How to Choose a Potting Soil


You wouldn't dream of buying all-purpose pet food and expect to feed your finicky feline the same food as your child's pet bunny. Yet, you many believe that bag of all-purpose potting soil will meet the needs of all your plants. To grow healthy, vigorous plants, you must provide the proper growing conditions, and that includes the soil. The type of potting soil your plant needs depends on the species of plant and its preferences for both moisture and soil texture.

Step 1

Write down the names of your plants to help you decide what type of potting soil you should buy. Group plants such as succulents, cacti or tropical plants. Note any unusual or difficult-to-grow plants in your collection, such as African violets or orchids.

Step 2

Visit your local garden supply center and look for specialty mixes for your specific plants. These mixes contain the appropriate balance of soil, organic matter, nutrients and sand (if appropriate) to meet the growing needs of your plants.

Step 3

Buy a soiless mix--typically labeled as seed starter--for planting seedlings inside in late winter or early spring. This mixture provides the ideal environment for germinating seeds and growing young seedlings.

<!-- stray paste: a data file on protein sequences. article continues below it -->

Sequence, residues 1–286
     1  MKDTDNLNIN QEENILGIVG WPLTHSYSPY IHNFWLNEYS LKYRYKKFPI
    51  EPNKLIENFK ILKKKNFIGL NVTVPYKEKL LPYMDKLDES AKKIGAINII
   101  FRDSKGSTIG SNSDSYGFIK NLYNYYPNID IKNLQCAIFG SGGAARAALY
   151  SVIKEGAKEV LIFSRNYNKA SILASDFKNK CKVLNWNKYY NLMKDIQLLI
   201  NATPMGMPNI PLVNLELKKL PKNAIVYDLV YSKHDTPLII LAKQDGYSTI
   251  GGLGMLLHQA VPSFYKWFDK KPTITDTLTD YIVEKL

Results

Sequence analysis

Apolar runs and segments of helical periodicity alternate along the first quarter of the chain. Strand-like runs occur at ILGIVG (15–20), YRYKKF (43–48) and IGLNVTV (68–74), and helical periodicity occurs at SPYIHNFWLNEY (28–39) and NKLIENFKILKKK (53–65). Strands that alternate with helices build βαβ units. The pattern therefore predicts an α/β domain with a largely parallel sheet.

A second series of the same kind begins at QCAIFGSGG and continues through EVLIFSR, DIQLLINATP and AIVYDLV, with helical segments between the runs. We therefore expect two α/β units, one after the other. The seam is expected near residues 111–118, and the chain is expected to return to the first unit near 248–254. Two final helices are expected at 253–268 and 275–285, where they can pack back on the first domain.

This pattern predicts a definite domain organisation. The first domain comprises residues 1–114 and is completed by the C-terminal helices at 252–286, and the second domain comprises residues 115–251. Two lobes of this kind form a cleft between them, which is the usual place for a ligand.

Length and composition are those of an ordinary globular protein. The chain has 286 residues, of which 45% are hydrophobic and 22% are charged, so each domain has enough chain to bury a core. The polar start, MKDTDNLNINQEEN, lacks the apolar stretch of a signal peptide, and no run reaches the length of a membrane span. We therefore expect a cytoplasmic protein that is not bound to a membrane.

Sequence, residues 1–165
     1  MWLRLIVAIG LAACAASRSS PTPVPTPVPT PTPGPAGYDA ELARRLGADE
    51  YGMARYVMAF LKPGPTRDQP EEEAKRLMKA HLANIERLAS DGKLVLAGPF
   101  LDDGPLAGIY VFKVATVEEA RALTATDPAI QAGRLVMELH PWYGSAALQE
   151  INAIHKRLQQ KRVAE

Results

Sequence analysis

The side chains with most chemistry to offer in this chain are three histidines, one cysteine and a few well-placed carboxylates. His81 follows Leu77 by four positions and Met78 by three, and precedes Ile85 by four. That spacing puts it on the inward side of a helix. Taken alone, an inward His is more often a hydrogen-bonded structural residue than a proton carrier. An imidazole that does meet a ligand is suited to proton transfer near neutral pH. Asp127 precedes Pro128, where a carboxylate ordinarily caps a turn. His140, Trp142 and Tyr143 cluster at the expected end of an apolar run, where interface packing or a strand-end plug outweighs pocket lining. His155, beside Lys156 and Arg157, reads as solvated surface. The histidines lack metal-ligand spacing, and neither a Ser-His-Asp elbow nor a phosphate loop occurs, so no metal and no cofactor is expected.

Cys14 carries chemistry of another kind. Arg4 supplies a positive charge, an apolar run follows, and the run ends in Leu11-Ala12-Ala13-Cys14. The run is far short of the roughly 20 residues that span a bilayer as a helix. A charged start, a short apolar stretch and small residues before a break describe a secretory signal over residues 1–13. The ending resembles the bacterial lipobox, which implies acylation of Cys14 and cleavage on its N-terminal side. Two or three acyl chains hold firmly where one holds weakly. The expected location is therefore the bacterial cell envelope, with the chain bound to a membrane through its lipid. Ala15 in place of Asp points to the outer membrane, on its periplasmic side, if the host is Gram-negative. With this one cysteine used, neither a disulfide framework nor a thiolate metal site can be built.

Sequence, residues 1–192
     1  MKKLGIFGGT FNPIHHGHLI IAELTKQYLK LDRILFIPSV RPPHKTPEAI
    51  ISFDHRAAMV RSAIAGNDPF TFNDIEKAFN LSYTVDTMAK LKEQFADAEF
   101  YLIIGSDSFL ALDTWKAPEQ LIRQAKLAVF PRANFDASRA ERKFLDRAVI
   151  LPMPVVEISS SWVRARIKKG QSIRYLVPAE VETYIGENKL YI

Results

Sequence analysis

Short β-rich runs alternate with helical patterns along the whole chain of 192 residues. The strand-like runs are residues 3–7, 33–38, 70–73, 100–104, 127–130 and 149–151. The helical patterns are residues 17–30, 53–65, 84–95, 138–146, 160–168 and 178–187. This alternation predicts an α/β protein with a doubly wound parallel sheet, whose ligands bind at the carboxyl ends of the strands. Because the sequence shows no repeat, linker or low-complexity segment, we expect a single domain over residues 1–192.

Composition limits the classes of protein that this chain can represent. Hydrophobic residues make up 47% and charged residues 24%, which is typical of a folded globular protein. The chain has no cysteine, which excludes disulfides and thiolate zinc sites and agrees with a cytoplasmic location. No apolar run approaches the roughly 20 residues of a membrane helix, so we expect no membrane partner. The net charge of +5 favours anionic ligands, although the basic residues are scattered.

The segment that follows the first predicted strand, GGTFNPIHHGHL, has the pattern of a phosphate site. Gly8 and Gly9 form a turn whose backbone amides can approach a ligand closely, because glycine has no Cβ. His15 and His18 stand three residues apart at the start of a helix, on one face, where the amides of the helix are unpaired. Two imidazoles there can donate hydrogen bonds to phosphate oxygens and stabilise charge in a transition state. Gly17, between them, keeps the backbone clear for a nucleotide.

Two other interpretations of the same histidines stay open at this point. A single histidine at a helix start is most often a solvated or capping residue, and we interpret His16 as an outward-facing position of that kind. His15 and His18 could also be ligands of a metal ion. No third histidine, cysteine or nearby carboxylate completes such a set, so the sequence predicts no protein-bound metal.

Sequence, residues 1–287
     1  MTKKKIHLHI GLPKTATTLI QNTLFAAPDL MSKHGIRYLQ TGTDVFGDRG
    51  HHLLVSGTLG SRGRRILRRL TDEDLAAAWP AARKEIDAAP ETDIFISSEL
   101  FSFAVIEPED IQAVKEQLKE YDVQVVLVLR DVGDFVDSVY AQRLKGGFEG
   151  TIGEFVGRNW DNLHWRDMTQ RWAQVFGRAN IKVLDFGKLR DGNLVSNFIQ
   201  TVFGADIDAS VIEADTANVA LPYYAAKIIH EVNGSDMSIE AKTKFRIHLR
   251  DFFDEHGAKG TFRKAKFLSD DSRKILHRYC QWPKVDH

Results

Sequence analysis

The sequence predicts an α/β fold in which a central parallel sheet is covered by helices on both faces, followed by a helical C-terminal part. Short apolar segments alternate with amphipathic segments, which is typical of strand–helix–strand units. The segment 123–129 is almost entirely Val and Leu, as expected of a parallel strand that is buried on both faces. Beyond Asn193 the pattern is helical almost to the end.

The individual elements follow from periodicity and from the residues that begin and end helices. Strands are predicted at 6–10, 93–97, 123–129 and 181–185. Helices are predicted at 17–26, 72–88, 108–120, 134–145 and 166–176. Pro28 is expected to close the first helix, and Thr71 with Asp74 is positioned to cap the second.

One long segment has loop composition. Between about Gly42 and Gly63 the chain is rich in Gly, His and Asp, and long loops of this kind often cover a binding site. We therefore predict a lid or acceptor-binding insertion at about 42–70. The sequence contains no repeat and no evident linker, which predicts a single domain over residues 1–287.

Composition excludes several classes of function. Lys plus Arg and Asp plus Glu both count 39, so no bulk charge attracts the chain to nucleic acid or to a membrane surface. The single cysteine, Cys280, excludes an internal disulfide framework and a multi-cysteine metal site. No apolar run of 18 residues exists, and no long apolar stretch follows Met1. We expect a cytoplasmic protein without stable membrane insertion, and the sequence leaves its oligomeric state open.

Step 4

Buy all-purpose potting soil if you intend to mix your own soil for large containers or pots. Mix equal parts all-purpose soil, peat moss, manure or compost and perlite to make a lightweight soil for container gardens.

Step 5

Examine the potting soil before purchasing, if possible. Potting soil should be dark brown, free of clumps or large pieces of organic matter and smell like fresh earth. Stick with brand names you trust and that offer a money-back guarantee. Generic brands often add inferior products.

Step 6

Purchase potting soil with additives to maintain moisture if you must leave plants for days at a time. Many contain granules that swell when watered and release moisture back into the soil gradually.


  • The Home Depot: Potting Soil
Keywords: choose potting soil, buy potting soil, potting soil types

About this Author

Nannette Richford is an avid gardener, teacher and nature enthusiast with 4 years experience in online writing and a lifetime of personal journals. She is published on various sites, including Associated Content. Richford holds a Bachelor of Science in secondary education from the University of Maine Orono and certifications in 7-12 English, K-8 General Elementary and Birth to age 5.